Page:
Heroes are human after all, go easy on the worship

I believe that all human beings are flawed, and make mistakes, and that is fine



By Sharmistha Khobragade

Published: Mon 1 Aug 2022, 10:30 PM

Who’s your hero? A comfortable majority of humankind will respond to my question with a ‘Steve Jobs’ and/or ‘Elon Musk’. My kids told me a joke yesterday, ‘you know how to get adopted by Elon Musk? Ask for an autograph and pull out adoption papers for the signature.’ So here are twelve-year-old children, so overpowered by everything they’ve been exposed to about Mr. Musk in the media, that they want to let go of perfectly good and loving parents, just so that they can be adopted by the richest man in the world. It’s certainly telling, isn’t it?

Who your hero is tells a lot about you as a person. Someone who answers ‘Martin Luther King’ or ‘Mother Teresa’ is a different kind of person, with a very different set of values, from a person who answers ‘Steve Jobs/Elon Musk’. Maybe that’s why people are so sensitive about their heroes, and that’s why they resort to worship of their heroes on the one hand, and trolling of the detractors of their heroes on the other. Maybe it is their own sense of self that they’re trying to defend, rather than their heroes?

And then there are those who are stumped when asked who their hero is. Like I am. I really don’t know how to respond to this question. It feels very weird to say that one doesn’t have a hero. Maybe I come across as cynical, that I don’t find scope for admiration for a lot of great things that people are doing out there. But it’s not that. I do admire the great things that people do, the ones that impact others, especially the weak and the vulnerable, positively.

But here’s the thing. I admire the things people do and not the people themselves, and even my admiration for the things they do is tempered by the unintended consequences of those things.

I’m sure that Steve Jobs did not intend to have multitudes become slaves to their devices when he unleashed the iPhone on us, but they did. Unintended consequences. Bill Gates gives billions of dollars to many worthy causes through his foundation, but ends up distorting local priorities and undermining the democratic processes of many governments in the African continent. Unintended consequences. That’s why I’m very cautious of writing blank cheques for my admiration. Future may prove me wrong.

One easy way out for people like me would be to say that a parent is my hero. Because certainly my parents have been heroic to me, over the course of my lifetime, but then again, I’m also conscious of the fact that they are flawed human beings, just like I am. They have made their share of mistakes, which in no way diminishes my love and respect for them. But hero-worshipping them is again, beyond my remit.

The above is my reason for not having any heroes – I believe that all human beings are flawed, and make mistakes, and that is fine. The trouble starts when their admirers/followers start hanging on to their every word and action, applauding and building it up, and moving quickly to shut down anyone who might express a contrarian view. Even perfectly grounded and down-to-earth human beings can easily change into self-absorbed egomaniacs when confronted by this sort of adulation. And it’s not even their fault, it’s the fault of their worshippers.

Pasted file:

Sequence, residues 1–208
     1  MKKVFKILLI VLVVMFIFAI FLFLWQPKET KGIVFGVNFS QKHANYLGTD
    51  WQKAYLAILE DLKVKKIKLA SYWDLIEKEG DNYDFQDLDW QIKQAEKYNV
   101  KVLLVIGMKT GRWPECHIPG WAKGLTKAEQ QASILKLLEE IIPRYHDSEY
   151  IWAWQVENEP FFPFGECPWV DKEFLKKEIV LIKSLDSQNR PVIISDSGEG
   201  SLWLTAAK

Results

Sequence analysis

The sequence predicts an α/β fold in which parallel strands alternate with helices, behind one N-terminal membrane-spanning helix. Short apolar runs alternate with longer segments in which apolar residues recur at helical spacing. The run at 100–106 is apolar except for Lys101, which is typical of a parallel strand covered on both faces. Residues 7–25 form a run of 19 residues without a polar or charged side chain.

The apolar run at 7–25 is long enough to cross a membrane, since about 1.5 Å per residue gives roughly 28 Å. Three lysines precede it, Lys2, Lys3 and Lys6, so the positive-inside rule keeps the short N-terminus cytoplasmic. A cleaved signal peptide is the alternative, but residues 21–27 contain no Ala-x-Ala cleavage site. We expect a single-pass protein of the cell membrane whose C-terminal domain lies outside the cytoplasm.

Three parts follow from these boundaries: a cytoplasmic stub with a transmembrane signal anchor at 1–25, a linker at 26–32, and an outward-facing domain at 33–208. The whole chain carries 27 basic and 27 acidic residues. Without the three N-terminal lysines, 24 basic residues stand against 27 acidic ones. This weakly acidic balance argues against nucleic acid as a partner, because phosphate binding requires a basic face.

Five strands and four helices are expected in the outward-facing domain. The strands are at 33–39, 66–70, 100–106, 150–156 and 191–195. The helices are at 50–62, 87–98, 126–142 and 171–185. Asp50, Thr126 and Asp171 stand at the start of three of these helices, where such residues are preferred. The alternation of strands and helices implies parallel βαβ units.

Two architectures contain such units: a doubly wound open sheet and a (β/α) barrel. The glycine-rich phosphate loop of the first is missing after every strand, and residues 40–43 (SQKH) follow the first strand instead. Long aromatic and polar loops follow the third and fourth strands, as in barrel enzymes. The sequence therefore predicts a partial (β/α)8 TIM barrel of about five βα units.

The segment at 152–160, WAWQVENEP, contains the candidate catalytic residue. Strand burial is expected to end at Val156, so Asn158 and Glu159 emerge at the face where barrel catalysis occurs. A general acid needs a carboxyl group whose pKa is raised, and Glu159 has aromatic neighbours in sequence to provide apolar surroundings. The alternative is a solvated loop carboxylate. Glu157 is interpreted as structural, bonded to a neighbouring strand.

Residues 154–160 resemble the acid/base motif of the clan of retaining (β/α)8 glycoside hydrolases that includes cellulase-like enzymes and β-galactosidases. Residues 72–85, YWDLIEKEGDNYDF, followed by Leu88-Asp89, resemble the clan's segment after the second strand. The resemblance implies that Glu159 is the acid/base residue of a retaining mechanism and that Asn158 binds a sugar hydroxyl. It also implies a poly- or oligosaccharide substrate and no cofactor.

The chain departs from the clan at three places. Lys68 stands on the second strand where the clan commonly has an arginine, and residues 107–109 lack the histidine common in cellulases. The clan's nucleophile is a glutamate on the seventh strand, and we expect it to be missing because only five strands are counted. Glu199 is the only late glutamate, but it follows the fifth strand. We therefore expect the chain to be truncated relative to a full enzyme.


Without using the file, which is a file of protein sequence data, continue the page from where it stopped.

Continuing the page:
Dangerous things can happen when people start believing that they are the messiahs who’re going to change the world. The lives of dictators and strong men, past and present, are testimony to that. It would be fitting to remember that these dictators were also adored and hero-worshipped by countless followers who believed in their visions for the world. Surely it was the adulation and adoration of their tribe which gave them the strength to unleash their grisly misdeeds on the world.

Social media, especially Twitter, makes it so easy to engage in online hero-worship and its flip side, trolling off the nay-sayers to your hero. I would like to pose a question to the Twitterati so engaged – might you be doing a disservice to your hero by hero-worshipping him/her? Are these dopamine hits you get when your community of hero-worshippers are cheering and egging on your hero and one another, worth the toxicity you spread when you criticize the other side? Could you perhaps do more for your hero by looking at the unintended consequences of their actions and drawing his/her attention to those, politely and respectfully, of course?

At the end of the day, I’m sure that everyone who is reading this is smart enough to know that humanity or civilization is not going to saved by the actions of any one person, no matter how visionary or even how well-intentioned they may be. Humanity is going to be saved (if at all) by the imperfect actions of majority of the eight billion of us ordinary mortals, plodding our way slowly in our everyday actions to do right by the planet and each other.


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